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Let me share a story you may not have heard.  A young man stumbled upon a cave and wanted to explore it.  In his haste, he grabbed a book of matches and ran toward the cave. Upon entering, the darkness began to envelope the young man. With each footstep the light grew fainter. Soon he stood in complete darkness. He fumbled for the matches. Striking the first match, a small glow appeared, illuminating his face. But just as he started to focus on the details around him, the match burnt out, leaving darkness.  He struck a second match. The light penetrated a short distance but within seconds it too was gone. He lit a third match but this time he heard a sudden flutter and a quick rush of air extinguished the small flame. Something leathery hit his face, and filled with fear, he ran hard toward the cave opening. However in his panic, he hit his head on the roof of the cave before he was able to stumble out to the surface. 

Not long afterward, the young man ran into his friend, who inquired about the bruise on his forehead. The young man then shared his experience in the cave. His friend exclaimed, “Wait here!” And after a few minutes, returned with a staff and a leather pouch. The friend pulled an oiled cloth from the pouch and wrapped the cloth around the top of the staff. He then instructed the young man to light the oiled cloth with one of his remaining matches. The staff, now a blazing torch, provided just the right amount of light for the two friends to explore the cave together. To the young man’s delight he could now clearly see the magnificent stalactites and stalagmites, the glass-like reflection of a small pool near the bottom of the cave, and the group of bats hanging from the ceiling. He was no longer fearful but filled with excitement as he and his friend gazed upon this wondrous Underground world.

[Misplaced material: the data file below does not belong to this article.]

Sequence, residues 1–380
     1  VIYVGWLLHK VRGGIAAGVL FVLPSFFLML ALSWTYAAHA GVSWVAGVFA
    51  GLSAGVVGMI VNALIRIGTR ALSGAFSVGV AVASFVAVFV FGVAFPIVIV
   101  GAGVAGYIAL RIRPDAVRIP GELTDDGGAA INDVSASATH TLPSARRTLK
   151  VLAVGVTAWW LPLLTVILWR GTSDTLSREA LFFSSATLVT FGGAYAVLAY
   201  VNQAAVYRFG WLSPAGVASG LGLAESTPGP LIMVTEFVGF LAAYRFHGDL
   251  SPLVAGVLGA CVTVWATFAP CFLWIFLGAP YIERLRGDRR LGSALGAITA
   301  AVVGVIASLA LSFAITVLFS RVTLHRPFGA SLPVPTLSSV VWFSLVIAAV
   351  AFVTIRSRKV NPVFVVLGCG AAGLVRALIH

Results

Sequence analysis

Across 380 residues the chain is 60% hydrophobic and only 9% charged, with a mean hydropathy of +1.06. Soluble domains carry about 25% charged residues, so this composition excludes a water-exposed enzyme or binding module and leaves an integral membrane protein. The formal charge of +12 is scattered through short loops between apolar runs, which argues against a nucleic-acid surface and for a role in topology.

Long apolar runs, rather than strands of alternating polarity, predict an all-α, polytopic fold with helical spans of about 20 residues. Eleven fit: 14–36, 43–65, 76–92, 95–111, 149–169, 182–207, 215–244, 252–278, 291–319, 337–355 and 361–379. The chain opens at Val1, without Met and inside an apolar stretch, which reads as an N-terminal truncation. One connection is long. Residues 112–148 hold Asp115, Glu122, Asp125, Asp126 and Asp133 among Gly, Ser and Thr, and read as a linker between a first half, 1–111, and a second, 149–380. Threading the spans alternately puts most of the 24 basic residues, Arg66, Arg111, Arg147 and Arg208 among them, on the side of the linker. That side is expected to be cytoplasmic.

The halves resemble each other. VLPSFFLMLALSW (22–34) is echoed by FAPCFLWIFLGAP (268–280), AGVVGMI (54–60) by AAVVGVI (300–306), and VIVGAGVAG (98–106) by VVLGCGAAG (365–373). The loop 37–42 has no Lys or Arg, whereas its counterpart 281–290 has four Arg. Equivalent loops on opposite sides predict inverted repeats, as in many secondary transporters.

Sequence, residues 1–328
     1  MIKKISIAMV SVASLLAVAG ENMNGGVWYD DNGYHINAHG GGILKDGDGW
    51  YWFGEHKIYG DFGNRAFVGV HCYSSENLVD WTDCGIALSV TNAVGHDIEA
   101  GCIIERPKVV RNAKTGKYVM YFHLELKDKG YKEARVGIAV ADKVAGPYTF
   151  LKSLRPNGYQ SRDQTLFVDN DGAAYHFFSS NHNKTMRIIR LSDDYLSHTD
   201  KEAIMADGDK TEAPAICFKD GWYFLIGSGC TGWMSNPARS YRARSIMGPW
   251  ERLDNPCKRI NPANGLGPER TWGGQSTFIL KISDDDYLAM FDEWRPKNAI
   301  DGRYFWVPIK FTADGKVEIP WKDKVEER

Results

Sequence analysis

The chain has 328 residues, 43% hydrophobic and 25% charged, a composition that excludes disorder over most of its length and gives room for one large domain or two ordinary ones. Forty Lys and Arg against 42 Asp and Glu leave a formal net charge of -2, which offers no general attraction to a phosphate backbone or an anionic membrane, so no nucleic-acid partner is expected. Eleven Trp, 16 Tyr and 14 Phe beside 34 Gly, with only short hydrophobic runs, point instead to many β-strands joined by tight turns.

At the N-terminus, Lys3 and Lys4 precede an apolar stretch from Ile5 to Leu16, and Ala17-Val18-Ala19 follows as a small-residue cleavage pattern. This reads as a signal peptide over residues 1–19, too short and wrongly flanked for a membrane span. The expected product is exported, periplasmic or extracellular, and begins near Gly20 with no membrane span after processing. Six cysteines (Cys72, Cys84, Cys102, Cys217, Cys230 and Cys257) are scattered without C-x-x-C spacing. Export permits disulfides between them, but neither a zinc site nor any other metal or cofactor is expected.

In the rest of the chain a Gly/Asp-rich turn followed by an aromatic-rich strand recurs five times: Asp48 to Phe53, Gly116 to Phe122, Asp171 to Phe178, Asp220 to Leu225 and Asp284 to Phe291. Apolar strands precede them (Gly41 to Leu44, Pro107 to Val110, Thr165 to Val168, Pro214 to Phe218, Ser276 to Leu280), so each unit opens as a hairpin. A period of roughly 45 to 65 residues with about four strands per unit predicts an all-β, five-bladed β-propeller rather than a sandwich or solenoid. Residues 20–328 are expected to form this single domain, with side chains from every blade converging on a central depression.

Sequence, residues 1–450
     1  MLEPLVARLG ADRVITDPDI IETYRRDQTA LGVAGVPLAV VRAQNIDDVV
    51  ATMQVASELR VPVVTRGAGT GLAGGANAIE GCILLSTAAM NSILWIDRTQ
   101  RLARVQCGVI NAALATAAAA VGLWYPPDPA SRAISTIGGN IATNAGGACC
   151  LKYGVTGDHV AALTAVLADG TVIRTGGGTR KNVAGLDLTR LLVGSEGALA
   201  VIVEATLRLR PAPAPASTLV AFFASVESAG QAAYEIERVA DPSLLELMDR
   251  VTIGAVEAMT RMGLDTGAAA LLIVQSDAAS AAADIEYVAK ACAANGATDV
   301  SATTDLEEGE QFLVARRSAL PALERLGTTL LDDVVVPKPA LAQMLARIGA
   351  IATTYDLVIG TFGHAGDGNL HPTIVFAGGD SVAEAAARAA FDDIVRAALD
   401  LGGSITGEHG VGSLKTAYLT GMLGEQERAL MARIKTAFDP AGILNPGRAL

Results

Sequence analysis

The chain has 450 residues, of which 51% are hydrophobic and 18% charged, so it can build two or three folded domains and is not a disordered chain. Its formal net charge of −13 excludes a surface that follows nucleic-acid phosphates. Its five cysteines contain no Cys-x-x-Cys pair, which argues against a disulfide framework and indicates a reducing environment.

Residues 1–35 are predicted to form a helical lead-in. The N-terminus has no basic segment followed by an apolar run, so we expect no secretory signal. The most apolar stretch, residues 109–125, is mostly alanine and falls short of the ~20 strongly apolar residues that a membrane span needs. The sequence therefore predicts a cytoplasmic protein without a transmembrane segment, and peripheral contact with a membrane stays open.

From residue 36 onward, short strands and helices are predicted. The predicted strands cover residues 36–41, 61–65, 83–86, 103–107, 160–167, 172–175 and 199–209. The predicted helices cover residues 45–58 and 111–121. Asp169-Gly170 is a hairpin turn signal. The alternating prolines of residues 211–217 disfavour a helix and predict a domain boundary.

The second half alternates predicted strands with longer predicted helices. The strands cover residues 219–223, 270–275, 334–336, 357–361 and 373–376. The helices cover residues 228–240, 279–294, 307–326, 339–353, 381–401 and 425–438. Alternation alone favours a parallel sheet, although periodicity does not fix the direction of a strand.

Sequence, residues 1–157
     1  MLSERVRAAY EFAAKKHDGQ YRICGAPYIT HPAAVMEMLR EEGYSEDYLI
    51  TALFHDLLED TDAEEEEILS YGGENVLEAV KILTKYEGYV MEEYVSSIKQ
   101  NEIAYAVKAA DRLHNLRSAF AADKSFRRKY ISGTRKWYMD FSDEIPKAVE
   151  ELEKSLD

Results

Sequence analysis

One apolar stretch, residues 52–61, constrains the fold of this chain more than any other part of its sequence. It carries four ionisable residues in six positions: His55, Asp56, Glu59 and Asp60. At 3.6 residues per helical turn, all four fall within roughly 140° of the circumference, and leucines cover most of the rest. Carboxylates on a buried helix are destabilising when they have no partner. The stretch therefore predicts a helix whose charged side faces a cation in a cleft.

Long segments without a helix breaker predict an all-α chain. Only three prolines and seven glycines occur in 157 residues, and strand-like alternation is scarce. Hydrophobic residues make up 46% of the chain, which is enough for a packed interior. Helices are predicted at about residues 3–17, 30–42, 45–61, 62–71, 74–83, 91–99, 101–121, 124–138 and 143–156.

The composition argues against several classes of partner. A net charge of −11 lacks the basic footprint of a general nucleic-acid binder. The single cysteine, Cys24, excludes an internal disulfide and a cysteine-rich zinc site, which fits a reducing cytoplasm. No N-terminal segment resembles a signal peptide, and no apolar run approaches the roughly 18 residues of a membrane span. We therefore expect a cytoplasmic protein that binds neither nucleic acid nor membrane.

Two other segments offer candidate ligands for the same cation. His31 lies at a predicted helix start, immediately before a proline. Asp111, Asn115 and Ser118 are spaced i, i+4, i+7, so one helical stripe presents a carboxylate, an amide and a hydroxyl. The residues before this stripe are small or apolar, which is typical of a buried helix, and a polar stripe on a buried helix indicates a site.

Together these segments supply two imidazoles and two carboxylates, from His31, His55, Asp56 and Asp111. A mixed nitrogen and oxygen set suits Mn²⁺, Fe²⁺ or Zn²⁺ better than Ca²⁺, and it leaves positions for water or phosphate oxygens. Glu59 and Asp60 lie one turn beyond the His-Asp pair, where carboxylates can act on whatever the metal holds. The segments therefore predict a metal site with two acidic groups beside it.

Exploring the Underground today is not that different. Anxious for results, test borings are commissioned, but in an effort to keep costs low, lab tests are not run. Unfortunately, test borings alone seldom present the whole picture, often resulting in more questions than answers. Without the proper field/lab tests, we can only speculate on the soils’ strength and compressibility. Rushed field investigations may also leave out important information such as dimensioned locations, ground and water elevations, and site geology. The Client is left wondering how the limited borings drilled relate to the project, and may even find the borings were not drilled deep enough. The Client’s Design Team is left with attempting to make important decisions for the project with only sketchy data. 

Without a clear approach, test borings, like the young man’s matches, shed little light on the subject. It is only when the Client and the Geotechnical Engineer work together, developing a thoughtful approach to investigate the unknowns, can the project be successful. By illuminating unknowns such as high groundwater, shallow rock, sinkholes, existing fill, soft clays, running sands, and other conditions, the Geotechnical Engineer assists the Client to see a clear picture of the Underground, thereby reducing the risks that often have the greatest impact on the project’s schedule, costs, and/or performance - no longer a fearful proposition.

Originally published as a LinkedIn post, May 27, 2015

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